When the moon passes through the Earth's shadow, it causes the moon to look very unusual for a short period of time. This event is called a lunar eclipse, and it occurs roughly twice a year. Created by NASA.
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- is the moon bigger enough to cause solar eclipse while sun and earth both are bigger than moon(7 votes)
- The distance between Earth and Moon is smaller than the distance between Earth and Sun. This huge difference makes the Moon seems bigger and that's why it can cause a solar eclipse :)(9 votes)
- Will it damage your eyes if you stare directly at a Lunar Eclipse?(5 votes)
- No. The Moon doesn't brighten during a lunar eclipse, it actually darkens.
This is because the Moon passes into the Earth's shadow, gradually getting darker and darker as it passes from Earth's penumbra into the umbra.(7 votes)
- Is this the only type of eclipse? What is the difference between a solar eclipse and a lunar eclipse?(8 votes)
- is it possible for a eclipse to happen with earth and mars(3 votes)
- Yes it is but we would not see a change. If you were a martian, though, you would be able an eclipse.(6 votes)
- when is the next Lunar Eclipse?(3 votes)
- The next Lunar Eclipse will be a Total Eclipse and occur on April 14 - 15th, 2014. It will be visible in Australia, Pacific and the Americas. This Lunar Eclipse Calendar is a listing of all Lunar Eclipses from 2014 to 2015.(3 votes)
- when is the red moon
and where is the best place to see it?(2 votes)
- I guess the next one will be on Okt. the 8th.
Here have a look where to see it best, maybe you're lucky.
- At the very beginning of this video, where is the Earth and where is the Sun in relation to this view of the moon? is this our view of the moon from the Earth? And why does the moon appear to be backing up and then getting closer? and finally, can someone explain the whole thing about the moon's orbit being 5 degrees different than the Earth orbit (like, do they mean the Earth's orbit around the sun? and if the moon goes around the Earth, why would it go around the sun any different than the Earth does?) I'm writing a paper on eclipses for school, and I just can't get my head around it!
- This is a link to an excellent diagram to explain the relative tilt of the lunar orbit.
Just imagine to earth running along its track and the moon along the tilted track around the earth. Note that the earth itself spins on a tilted axis that points a certain direction in space and the high end and low end of the lunar orbit are oriented a certain way in the short term, but over 18.6 years that orientation precesses once so the high and low point come all the way around and back. Over a much longer period the direction the pole of the earth points in space also moves all the way around.(1 vote)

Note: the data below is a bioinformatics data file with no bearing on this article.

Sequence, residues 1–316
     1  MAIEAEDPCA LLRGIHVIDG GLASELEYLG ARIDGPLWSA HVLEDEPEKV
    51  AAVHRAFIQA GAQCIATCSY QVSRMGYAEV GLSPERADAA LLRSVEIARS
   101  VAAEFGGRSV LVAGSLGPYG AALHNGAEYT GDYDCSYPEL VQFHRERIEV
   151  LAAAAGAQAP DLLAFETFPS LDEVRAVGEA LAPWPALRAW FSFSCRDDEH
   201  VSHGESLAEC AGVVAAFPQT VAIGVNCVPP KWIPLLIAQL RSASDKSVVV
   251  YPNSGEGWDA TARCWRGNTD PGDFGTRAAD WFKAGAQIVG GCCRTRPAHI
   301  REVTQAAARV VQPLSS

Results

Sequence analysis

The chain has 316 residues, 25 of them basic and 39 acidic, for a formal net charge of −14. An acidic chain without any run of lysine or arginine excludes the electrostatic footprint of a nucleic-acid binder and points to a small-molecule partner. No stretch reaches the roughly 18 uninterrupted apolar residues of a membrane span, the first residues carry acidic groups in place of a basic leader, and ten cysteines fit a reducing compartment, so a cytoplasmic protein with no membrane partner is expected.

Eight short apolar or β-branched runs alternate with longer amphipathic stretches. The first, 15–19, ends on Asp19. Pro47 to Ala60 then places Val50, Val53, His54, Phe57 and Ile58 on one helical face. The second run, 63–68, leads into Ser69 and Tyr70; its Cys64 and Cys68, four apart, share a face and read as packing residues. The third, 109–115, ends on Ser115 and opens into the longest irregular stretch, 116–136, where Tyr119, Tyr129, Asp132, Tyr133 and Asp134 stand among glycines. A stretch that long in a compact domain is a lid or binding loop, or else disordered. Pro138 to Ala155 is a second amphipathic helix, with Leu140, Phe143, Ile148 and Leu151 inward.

- How often do Lunar eclipses occur? Does it ever change?(3 votes)
- The lunar orbit is titled so that most of the time it is either above or below the earth's shadow and we get a lunar eclipse only when the full moon (directly opposite the sun relative to earth) occurs at the point in the lunar orbit where it is either passing from above or below (at the middle intersecting points or nodes). This only happens at two points in the sun, earth, moon system.
Here is a great diagram to visualize this:
NOTE: The high end and low end of the lunar orbit are oriented a certain way in the short term, but over 18.6 years that orientation precesses once so the high and low point come all the way around and back so the time of year (defined by the orientation of the earth on it's axis which also changes over much longer periods of time) changes over the 18.6 years so you will get an eclipse occuring at one point in the year and then again at a point about opposite that, but the next year this will have shifted slightly till it comes all the way back round.(1 vote)
- What is a blue moon?(1 vote)
- it is a full moon that has happened the second time in one month. it is a rare event that occurs once every 2 to 3 years.(3 votes)
[music] [music] Narrator: If you looked at the moon over the course of a few weeks, you'd probably notice that it looks slightly different every day. The change in its shadow is based on where the moon is in its orbit. We call this cycle the phases of the moon, and it occurs roughly once a month. At least twice a year, however, something quite different happens. The moon passes through the shadow cast by the Earth, causing it to look extremely unusual for a short period of time. From the earth, the moon will appear to darken and turn a deep red before eventually returning to normal. This is called a lunar eclipse. If we were to look at what happens from space during an eclipse, it would go something like this. First, the moon passes through what's called the penumbra, where the sun's light is only partially obscured. This results in only a slight darkening of the moon. As the moon continues along its path, however, it enters what's called the umbra, where all direct light from the sun is blocked. But if the sun is blocked, why does the moon turn red? When light from the sun goes by the side of the Earth, it passes through a long and thick layer of Earth's atmosphere. Shorter wavelengths of sunlight, like blue, are scattered by the atmosphere, so by the time the light has finished its trip to the moon, more of the longer wavelengths, like red, are left over. On the Earth, the same thing happens at sunset as the ground you stand on gradually passes into night. As the eclipse ends, the moon leaves the umbra, returns to its normal color, and then leaves then penumbra, brightening and resuming its original cycle. Overall, the whole process lasts only from a few minutes to a few hours, so you'll have to be quick if you want to see it. But, as long as you're willing to stay awake, you'll catch the moon as you won't see it too often. [music, beeping] [music, beeping] [music] [silence]